Market Basket Walkouts (06:10)
In the summer of 2014, the largest non-union labor walkout occurred at a grocery store chain in Massachusetts. The president of the family company, Arthur T. Demoulas (Artie T.) was fired and replaced by two outside CEOs.
Market Basket's Approach (08:21)
Market Basket started a single family-owned market in Lowell, Massachusetts and grew into a successful food retailer with more than 70 stores in New England. The business was people-focused and had no self-check-out or automation in warehouses. Artie T. made sure everyone felt their job was important.
Demoulas Family (06:22)
The Demoulas immigrated to the United States in 1908 and opened Demoulas Market in 1917. Mike and George Demoulas took over the business from their parents, but George died. A feud erupted, creating a power imbalance on the board of directors
Demoulas Power Shift (04:38)
In the 2000s, Artie T. ran the company and had a fragile majority on the board over his cousin. In 2013, two board members shifted support to Arthur S. Demoulas, allowing the creation of a new board; the board created a liquidation strategy.
Fight for Market Basket (03:33)
Word about the possible liquidation reached employees, who created a petition and social media campaign to save Market Basket. Arthur S. paid dividends to shareholders, which put a financial strain on the company and halted expansion projects.
Resistance at Market Basket (04:31)
On July 13, 2014, Artie T. and two long-term executives were fired and replaced with two outside CEOs. Employees agreed to resist overtures from the new CEOs and the plan for a walkout began.
Market Basket Rallies (02:43)
Within a few days of the walk out, eight top managers were fired. Numerous rallies were held with thousands of employees and community members in attendance.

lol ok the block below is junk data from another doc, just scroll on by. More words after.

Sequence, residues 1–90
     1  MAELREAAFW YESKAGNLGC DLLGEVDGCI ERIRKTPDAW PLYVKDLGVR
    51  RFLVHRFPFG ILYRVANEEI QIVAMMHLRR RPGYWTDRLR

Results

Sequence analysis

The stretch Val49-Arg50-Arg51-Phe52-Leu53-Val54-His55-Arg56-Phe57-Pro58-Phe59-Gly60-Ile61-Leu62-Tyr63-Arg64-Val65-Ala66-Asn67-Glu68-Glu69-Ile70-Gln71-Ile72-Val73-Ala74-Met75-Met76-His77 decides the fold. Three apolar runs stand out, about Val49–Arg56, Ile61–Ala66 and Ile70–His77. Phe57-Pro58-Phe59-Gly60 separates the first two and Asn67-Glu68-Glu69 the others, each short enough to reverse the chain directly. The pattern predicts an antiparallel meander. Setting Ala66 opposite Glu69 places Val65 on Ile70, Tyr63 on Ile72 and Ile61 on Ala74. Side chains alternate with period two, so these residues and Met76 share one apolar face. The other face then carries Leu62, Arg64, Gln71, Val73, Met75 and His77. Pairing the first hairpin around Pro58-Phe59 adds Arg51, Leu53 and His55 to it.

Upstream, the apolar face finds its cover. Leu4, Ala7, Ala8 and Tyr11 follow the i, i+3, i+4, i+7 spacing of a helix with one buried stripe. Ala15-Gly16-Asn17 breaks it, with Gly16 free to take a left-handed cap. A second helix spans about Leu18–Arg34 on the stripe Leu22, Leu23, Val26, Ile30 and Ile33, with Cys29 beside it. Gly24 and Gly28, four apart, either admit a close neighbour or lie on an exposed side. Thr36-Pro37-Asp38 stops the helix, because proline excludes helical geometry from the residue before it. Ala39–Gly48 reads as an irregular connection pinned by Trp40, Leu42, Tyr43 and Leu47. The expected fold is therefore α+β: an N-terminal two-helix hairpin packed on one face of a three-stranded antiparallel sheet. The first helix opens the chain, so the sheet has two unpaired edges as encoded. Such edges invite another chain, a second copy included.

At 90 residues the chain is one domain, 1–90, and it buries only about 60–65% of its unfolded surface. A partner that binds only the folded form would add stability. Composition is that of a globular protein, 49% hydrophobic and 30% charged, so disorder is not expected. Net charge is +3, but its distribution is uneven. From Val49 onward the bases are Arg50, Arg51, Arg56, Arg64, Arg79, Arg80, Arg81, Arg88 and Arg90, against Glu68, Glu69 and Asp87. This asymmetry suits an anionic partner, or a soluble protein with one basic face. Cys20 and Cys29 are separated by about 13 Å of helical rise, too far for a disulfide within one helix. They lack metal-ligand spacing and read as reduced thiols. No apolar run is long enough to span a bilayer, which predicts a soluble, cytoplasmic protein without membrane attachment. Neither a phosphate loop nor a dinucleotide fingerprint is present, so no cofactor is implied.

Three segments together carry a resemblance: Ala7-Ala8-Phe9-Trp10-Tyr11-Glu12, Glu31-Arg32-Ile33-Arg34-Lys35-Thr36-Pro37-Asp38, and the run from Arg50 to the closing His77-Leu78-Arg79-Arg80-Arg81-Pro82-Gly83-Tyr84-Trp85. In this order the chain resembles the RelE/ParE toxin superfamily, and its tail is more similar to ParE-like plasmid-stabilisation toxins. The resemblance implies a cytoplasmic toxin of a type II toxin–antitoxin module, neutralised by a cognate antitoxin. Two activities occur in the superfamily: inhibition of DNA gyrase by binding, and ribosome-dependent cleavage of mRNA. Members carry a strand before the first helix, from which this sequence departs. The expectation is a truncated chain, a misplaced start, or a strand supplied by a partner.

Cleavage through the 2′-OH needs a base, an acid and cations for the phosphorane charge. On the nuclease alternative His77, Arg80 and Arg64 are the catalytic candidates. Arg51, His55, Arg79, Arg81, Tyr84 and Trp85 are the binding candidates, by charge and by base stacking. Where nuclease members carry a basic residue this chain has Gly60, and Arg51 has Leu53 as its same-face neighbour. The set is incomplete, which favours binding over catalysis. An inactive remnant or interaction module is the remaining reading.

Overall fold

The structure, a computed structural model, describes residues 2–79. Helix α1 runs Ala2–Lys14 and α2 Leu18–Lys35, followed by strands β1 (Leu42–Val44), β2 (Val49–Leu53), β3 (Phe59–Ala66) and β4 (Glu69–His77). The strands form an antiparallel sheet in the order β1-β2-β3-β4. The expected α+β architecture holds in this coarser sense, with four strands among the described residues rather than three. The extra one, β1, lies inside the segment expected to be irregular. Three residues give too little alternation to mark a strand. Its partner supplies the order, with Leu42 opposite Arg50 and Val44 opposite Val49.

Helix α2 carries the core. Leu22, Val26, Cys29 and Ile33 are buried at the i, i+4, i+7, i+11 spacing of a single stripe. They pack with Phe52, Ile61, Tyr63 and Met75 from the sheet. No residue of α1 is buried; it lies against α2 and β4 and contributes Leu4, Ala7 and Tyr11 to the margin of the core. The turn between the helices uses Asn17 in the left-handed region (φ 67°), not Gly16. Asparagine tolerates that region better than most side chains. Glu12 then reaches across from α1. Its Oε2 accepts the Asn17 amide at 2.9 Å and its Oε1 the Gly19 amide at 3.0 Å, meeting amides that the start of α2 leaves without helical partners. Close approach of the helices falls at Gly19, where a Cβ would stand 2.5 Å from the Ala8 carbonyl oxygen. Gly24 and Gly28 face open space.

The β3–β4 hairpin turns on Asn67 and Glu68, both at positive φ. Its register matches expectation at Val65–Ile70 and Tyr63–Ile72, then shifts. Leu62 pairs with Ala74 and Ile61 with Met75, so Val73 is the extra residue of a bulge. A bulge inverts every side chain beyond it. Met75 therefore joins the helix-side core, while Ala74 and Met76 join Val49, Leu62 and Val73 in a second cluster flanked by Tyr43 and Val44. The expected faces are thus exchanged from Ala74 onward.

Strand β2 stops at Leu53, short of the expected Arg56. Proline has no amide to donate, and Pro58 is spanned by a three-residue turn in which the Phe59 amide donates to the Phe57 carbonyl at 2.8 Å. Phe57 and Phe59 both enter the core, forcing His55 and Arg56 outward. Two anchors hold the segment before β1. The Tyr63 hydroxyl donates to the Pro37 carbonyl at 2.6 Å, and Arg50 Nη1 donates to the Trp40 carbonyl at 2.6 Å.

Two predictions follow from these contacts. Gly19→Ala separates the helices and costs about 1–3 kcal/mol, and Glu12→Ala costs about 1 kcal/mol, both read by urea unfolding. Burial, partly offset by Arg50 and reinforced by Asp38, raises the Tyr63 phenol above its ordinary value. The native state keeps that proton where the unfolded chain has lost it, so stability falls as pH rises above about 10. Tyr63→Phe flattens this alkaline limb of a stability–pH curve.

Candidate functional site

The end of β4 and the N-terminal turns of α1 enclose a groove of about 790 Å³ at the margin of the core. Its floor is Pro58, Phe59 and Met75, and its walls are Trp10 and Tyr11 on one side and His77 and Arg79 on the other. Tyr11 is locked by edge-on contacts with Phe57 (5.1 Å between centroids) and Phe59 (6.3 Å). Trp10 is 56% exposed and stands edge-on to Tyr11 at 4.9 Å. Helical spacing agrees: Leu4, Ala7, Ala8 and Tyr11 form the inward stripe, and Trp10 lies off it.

Employee Approach (03:49)
Market Basket employees had no set plan for what would happen after the walk out. They were not unionized and had no contracts, so regular labor laws did not apply. They decided to shut down distribution and store support.
Market Boycott (09:09)
Market Basket customers began boycotting the company. The people-first environment and reasonable prices created strong customer loyalty. Customers began taping receipts from other grocery stores on Market Basket windows.
Striking Workers (09:47)
Employees gathered every day in a parking lot across the street from Market Basket headquarters. They set up food stands and catering vendors arrived. Picket lines formed along driveways and entrances.
Employee Disruption (09:26)
Employees on the picket line directed those who kept working to follow orders but disrupt the flow of the company as much as possible. The fired managers on the picket line were in constant communication with the working store managers.
Leading the Market Basket Strike (07:43)
The fired managers became leaders of the strike and had simple strategy meetings in the parking. It was difficult for strikers to get information and the leaders tried to keep misinformation from spreading.
Lengthening Strike (12:48)
The board of directors ordered the layoffs of part-time employees. The co-CEOs were negotiating a deal to sell Market Basket to competitor Delhaize Group. Striking employees began running out of money and worried the strike would end with no resolution.
Business Agreement (03:35)
The board of directors and the Market Basket lawyers met for 10 minutes. The board announced it would reinstate Artie T. The Arthur S. side of the family accepted a $1.5 billion buyout from Artie T.
Re-opening Market Basket (05:14)
Employees held a rally, honoring Artie T.'s return. The customers began coming back, despite the stores not being fully stocked in the first few days.
Back to Work (05:24)
Employees began working the morning after the agreement. Market Basket was invited to the National Press Club by Labor Secretary Tom Perez. Market Basket recovered from financial losses and continued expanding.
Credits: Food Fight: Inside the Battle for Market Basket (04:28)
Credits: Food Fight: Inside the Battle for Market Basket
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